There is a concern that midazolam, when used as a component of sedation for colonoscopy, may impair cognition and prolong recovery. We aimed to identify whether midazolam produced short- and longer-term effects on multiple dimensions of recovery including cognition.
A 2-center double-blinded, placebo-controlled, parallel-group, randomized, phase IV study with a 1:1 allocation ratio was conducted in adults ≥18 years of age undergoing elective outpatient colonoscopy, with sufficient English language proficiency to complete the Postoperative Quality of Recovery Scale (PostopQRS). Participants were administered either midazolam (0.04 mg·kg−1) or an equivalent volume of 0.9% saline before sedation with propofol with or without an opiate. The primary outcome was incidence of recovery in the cognitive domain of the PostopQRS on day 3 after colonoscopy, which was analyzed using a χ2 test. Secondary outcomes included recovery in other domains of the PostopQRS over time, time to eye-opening, and hospital stay, and patient and endoscopist satisfaction. All hypotheses were defined before recruitment.
During September 2015 to June 2018, 406 patients were allocated to either midazolam (n = 201) or placebo (n = 205), with one withdrawn before allocation. There was no significant difference in recovery in the cognitive domain of the PostopQRS on day 3 after colonoscopy (midazolam 86.8% vs placebo 88.7%, odds ratio, 0.838; 95% confidence interval [CI], 0.42–1.683; P= .625). Furthermore, there was no difference in recovery over time in the cognitive domain of the PostopQRS (P = .534). Overall recovery of the PostopQRS increased over time but was not different between groups. Furthermore, there were no differences between groups for nociceptive, emotive, activities-of-daily-living domains of the PostopQRS. Patient and endoscopist satisfaction were high and not different. There were no differences in time to eye-opening (midazolam 9.4 ± 12.8 minutes vs placebo 7.3 ± 0.7 minutes; P = .055), or time to hospital discharge (midazolam 103.4 ± 1.4 minutes vs placebo 98.4 ± 37.0 minutes; P = .516).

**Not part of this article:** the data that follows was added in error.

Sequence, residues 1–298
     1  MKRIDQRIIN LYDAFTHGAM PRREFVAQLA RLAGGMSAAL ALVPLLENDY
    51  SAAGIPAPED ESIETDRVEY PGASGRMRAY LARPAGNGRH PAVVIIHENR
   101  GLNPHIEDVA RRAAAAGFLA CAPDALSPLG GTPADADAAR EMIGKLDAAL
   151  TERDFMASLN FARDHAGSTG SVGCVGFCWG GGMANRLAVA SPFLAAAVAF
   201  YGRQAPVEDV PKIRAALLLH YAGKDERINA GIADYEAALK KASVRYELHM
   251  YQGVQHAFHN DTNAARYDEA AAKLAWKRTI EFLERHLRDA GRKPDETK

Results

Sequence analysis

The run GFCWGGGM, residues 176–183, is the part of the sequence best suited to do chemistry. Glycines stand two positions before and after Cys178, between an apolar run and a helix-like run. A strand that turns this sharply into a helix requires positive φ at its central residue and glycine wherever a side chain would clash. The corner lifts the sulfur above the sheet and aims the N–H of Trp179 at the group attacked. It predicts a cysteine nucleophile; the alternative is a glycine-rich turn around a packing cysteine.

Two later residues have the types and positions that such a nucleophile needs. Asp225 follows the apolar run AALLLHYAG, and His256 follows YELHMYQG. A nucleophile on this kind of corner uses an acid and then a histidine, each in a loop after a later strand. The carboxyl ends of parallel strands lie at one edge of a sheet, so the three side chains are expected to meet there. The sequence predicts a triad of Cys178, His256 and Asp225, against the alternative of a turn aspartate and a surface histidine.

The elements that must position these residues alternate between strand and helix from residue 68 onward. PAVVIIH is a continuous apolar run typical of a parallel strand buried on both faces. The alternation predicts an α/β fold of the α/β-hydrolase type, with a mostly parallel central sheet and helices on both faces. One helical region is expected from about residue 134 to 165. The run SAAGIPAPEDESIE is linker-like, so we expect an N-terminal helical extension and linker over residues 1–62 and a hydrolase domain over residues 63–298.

The addition of midazolam 0.04 mg·kg−1 as adjunct to propofol and opiate sedation for elective colonoscopy did not show evidence of any significant differences in recovery in the cognitive domain of the PostopQRS, overall quality of recovery as measured by the PostopQRS, or emergence and hospital discharge times. The use of midazolam should be determined by the anesthesiologist.